Intraparotid facial nerve schwannoma was first reported by Ibarz in 1927. The frequency of intra-parotid schwannomas range from 0.2% to 1.5%. Facial nerve schwannoma can occur at any point along its course from the cerebello-pontine angle to its peripheral branches. Its typical presentation is a slow growing, painless mass mimicking a pleomorphic adenoma. Because of its low prevalence and very few clinical and radiological signs associated with it, pre-operative diagnosis of intraparotid facial nerve schwannoma is generally difficult. There is great potential of misdiagnosis and mismanagement when detected intra-operatively with the worst consequences of facial nerve palsy. In this case a 58 years old male had a parotid mass with a prolonged history of sixteen years with sudden increase in size. Preoperative work up of imaging modalities and fine needle aspiration cytology was not conclusive. Intraoperatively mass couldn’t be separated from the facial nerve, so total parotidectomy for the tumor with transection of facial nerve was done resulting in postoperative facial nerve paralysis. The diagnosis of schwannoma was offered only after histopathological examination. Parotid nerve schwannomas are extremely rare and routine investigations are not very helpful in diagnosis. Whenever a facial nerve is seen involved by a clinically benign appearing lesion, intraparotid schwannoma should be thought of as a diagnostic possibility to avoid radical surgery and prevent complications like facial nerve palsy.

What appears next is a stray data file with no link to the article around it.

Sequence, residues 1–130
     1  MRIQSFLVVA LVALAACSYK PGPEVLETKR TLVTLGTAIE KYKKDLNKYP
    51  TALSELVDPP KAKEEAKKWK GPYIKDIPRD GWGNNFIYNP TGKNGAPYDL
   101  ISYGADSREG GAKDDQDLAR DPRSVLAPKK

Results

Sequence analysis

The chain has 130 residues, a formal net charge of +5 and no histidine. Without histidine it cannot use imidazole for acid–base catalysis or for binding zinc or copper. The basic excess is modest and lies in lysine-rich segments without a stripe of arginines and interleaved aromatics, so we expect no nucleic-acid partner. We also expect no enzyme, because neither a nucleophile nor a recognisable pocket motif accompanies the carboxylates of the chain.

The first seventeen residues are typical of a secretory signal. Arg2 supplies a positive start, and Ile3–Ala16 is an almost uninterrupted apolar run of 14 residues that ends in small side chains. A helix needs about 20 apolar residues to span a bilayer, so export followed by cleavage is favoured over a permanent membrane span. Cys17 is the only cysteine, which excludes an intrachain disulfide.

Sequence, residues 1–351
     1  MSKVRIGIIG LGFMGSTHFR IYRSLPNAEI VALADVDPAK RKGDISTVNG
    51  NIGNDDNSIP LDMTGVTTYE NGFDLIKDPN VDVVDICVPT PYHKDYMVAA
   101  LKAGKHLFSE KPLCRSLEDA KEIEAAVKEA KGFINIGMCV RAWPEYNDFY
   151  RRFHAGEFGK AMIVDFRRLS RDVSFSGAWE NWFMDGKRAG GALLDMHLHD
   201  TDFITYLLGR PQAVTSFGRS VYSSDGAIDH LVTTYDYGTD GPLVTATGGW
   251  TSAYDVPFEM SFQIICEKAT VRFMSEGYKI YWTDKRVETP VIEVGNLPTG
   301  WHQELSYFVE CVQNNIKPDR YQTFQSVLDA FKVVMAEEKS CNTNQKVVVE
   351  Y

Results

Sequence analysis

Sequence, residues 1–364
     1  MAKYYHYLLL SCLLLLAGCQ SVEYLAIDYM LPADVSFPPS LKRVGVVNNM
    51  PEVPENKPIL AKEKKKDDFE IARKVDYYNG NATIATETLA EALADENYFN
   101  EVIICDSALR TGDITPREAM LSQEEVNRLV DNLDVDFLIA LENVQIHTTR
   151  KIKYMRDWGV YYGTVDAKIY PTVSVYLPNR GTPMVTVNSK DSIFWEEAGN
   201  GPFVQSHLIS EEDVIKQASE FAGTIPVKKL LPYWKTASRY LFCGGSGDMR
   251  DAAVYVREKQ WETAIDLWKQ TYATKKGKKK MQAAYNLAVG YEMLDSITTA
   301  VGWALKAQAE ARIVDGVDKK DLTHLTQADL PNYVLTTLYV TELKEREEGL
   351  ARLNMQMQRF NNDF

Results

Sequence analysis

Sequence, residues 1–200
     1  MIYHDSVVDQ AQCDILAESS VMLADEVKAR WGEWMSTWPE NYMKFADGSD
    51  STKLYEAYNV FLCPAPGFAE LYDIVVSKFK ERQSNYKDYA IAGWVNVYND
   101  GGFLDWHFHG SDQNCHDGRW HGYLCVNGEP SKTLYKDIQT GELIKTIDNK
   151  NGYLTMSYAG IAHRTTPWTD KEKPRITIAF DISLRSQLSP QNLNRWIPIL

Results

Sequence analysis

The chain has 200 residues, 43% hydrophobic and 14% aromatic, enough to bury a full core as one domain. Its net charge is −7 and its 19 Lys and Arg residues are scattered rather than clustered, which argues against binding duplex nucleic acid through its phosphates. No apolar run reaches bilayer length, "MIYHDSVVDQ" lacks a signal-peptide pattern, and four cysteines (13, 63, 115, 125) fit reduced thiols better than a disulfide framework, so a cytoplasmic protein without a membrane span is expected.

Facial nerve, Parotid, Schwannoma